HEPA filters cut covid-19 sick days but we’ve been slow proving this

Covid-19 sick days were 20 per cent lower in schools with air-cleaning HEPA filter machines, researchers on an eagerly-awaited study have found. But why has it taken so long to discover how well they work, asks Clare Wilson.

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TEMPERATURES have recently taken a dip in London, where I live, and, at home, I have been digging out my jumpers. At work, the winter feel is reinforced by a surge of interest in covid-19, with rising reported UK cases leading to familiar concerns over pressures on hospitals.

Because there is now much more population immunity to covid-19, it seems unlikely we would go back to restrictions on public mixing and so on. But in hospitals, where people are more vulnerable, there are questions over whether they should be reintroducing measures like staff wearing masks and having stricter isolation policies.

Even if you are tired of thinking about covid-19, the answers to these questions have broader relevance, because the same measures may well also work against other respiratory pathogens, including one that could cause a future pandemic.

Last month, figures showed that during England’s second wave of covid-19, which peaked in January 2021, up to 1 in 50 people in hospitals caught the illness while they were there. This has led to renewed calls from campaigners for stricter measures to stop the spread of airborne viruses by improving air quality.

One hot topic is the use of air-cleaning machines called HEPA filters, which suck in air and absorb tiny particles such as viruses. Some argue that these machines should be put into all hospitals, schools and other public buildings. It might seem like common sense, but we shouldn’t assume they would reduce the spread of covid-19. The machines – each about the size of a tall kitchen waste bin – certainly take viruses and bacteria out of any air that passes through them, but they cannot instantly suck all the pathogens from a room. Whether they have a meaningful effect on cutting infections depends on factors such as the room size and the rate at which people are breathing out microbes.

The only way to know for sure is to do randomised trials where some buildings have the air cleaners and some don’t. Two such trials have been carried out that I know of, both in the UK: one was in Addenbrooke’s Hospital in Cambridge and one in 30 primary schools in the Bradford area. Their results have been eagerly awaited. Now, we have had a sneak preview of the results from the schools. One of the researchers involved revealed at a recent conference that children’s covid-19-related absences were 20 per cent lower in the schools with air cleaners.

It would be nice if it were higher, but I suspect this figure will be welcomed by those who have long campaigned for wider use of the machines. Certainly, any fall in the number of days that children miss school is welcome. We have to keep in mind, though, that this isn’t a 20 per cent fall in their total number of sick days, only the days off caused by covid-19.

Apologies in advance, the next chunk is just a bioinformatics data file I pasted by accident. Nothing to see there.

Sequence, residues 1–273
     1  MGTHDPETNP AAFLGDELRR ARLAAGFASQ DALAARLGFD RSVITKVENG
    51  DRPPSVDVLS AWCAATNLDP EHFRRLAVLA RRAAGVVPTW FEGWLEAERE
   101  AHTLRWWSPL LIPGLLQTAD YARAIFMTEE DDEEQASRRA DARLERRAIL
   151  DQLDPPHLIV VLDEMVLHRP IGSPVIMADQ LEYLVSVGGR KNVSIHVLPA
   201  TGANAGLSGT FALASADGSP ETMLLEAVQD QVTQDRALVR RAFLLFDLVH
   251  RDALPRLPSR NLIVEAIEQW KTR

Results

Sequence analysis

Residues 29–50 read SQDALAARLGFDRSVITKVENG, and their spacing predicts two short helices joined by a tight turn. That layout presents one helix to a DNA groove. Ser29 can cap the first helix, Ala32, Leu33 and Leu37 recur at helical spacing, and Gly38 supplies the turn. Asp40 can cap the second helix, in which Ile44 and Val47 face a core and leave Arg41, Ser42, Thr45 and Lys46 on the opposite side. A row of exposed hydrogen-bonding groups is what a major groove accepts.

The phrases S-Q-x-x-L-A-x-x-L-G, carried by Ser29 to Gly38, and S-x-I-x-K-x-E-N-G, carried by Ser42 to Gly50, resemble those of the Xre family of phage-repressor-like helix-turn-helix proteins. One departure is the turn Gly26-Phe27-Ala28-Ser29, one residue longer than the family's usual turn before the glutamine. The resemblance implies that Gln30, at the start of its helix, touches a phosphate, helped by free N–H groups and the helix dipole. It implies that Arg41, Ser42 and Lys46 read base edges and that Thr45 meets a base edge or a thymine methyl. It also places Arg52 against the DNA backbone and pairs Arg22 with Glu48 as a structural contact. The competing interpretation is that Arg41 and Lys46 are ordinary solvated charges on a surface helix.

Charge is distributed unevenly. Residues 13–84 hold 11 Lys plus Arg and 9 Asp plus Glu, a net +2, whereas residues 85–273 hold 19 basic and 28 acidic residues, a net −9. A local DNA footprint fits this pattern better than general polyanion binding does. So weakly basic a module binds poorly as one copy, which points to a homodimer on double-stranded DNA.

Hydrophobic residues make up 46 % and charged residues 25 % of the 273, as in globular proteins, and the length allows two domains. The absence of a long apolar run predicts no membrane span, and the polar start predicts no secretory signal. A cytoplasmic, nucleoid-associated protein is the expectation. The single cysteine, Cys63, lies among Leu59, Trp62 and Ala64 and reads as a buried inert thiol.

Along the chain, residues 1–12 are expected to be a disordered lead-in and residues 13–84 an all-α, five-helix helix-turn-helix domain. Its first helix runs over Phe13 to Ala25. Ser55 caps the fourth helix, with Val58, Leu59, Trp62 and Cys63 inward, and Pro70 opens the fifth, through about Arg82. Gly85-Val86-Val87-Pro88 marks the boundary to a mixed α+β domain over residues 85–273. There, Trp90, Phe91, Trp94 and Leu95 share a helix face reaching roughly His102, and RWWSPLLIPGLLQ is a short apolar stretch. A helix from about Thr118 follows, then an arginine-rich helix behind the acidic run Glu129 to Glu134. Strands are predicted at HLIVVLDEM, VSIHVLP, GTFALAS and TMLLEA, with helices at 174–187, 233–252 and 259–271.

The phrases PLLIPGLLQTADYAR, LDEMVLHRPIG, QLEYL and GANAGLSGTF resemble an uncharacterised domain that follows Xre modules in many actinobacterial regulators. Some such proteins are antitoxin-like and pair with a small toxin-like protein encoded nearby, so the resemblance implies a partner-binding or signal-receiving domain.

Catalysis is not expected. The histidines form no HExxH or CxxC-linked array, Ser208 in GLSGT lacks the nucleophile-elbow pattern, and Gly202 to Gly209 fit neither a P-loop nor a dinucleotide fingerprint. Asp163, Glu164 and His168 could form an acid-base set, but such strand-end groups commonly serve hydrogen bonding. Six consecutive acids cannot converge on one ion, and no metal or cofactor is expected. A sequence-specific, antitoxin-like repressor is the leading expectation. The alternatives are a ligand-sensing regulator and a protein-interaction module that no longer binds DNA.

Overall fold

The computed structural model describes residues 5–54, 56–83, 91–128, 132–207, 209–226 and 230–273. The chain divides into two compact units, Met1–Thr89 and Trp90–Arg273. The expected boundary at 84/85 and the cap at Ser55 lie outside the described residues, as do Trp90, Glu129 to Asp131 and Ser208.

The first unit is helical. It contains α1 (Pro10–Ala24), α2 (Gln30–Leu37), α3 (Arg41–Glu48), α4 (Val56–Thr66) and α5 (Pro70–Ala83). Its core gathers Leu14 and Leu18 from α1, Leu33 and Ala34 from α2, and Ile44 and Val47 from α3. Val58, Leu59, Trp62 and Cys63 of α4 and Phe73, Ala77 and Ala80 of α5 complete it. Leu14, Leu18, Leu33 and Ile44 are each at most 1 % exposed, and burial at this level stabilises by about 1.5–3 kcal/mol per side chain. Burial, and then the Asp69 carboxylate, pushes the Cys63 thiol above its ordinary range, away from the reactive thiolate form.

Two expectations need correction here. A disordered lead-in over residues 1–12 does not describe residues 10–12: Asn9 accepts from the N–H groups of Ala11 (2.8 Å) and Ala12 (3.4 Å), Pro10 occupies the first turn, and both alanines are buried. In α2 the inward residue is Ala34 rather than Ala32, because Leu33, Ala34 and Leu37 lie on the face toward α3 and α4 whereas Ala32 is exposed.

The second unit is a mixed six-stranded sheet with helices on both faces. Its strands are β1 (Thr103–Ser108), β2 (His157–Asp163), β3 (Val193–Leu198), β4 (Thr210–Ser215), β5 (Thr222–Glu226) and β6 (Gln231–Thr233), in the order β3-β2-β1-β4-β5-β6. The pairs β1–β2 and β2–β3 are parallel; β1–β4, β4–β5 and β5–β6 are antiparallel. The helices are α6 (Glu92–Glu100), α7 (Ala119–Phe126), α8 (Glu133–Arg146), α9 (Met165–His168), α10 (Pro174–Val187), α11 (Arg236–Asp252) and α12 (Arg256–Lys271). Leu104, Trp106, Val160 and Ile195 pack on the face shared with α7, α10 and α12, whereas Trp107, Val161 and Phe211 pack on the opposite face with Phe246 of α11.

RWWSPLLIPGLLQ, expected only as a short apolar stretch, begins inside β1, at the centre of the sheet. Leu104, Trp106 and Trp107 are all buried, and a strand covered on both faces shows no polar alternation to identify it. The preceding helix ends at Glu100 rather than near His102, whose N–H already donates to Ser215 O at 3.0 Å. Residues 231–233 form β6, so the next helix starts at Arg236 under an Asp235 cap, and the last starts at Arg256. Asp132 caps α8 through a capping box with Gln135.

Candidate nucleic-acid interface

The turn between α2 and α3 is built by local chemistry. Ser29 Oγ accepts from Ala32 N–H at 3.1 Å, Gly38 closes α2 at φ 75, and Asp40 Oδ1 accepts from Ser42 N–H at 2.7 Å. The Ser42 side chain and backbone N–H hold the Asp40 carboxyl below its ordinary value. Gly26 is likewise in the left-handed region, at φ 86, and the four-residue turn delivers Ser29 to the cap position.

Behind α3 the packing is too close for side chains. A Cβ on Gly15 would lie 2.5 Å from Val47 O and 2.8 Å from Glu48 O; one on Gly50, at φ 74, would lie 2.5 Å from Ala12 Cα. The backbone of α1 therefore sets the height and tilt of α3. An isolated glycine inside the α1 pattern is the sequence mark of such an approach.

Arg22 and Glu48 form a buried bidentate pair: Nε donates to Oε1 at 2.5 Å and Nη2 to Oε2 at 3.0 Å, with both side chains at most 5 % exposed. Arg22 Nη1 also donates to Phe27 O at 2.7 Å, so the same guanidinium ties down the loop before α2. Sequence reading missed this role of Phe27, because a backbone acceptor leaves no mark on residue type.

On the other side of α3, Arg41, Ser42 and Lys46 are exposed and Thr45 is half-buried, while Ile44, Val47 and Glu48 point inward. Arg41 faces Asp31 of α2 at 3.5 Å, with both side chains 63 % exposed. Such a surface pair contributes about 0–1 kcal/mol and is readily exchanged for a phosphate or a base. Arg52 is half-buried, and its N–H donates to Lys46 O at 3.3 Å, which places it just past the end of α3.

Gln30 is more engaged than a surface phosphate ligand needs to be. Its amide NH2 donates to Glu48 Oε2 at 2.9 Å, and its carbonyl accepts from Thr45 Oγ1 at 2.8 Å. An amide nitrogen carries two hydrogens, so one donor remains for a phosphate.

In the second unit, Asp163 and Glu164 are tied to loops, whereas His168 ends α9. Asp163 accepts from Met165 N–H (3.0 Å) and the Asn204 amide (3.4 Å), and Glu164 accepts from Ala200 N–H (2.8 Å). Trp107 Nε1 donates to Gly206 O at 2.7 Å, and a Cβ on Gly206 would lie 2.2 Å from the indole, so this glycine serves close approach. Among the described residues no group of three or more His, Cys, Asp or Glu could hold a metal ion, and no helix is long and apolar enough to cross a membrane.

On the other hand, if the machines can suck coronaviruses out of the air, they can probably do the same for other viruses, including flu and those that cause coughs and colds, says Mark Mon-Williams at the University of Leeds, UK, one of the researchers.

Ultimately, we will have to wait until the results are published in full to properly evaluate them. And schools will still need to weigh up whether these machines are worth the cost – of several hundred pounds a unit, with two or three needed per classroom – and the fact they are somewhat noisy and can emit a cold draught.

It seems bizarre to me that, even now, three years after these machines started being installed in some hospitals in response to covid-19, we are still waiting to learn how well they work in the form of a published paper. It was a hallmark of the pandemic, though, that while there were plenty of trials of the new medicines and vaccines being developed against the coronavirus, the same scientific approach was rarely taken for physical interventions.

One of the most controversial questions of the pandemic has been over the usefulness of face masks. Wearing a face covering is backed by several major bodies. However, most of the studies cited in support of doing so are “observational”. In other words, they just observed correlations between people’s mask wearing and their infection rates.

Observational studies can be biased by the fact that those who diligently wear masks tend to be health conscious in other ways too, like regularly washing their hands. When respected medical body the Cochrane Collaboration only looked at randomised trials of interventions to promote mask wearing, it found the evidence was inconclusive.

One of the common refrains during the first months of the pandemic was that policy-makers should “follow the science”. But they cannot do that unless researchers have made sure that the science has been done.

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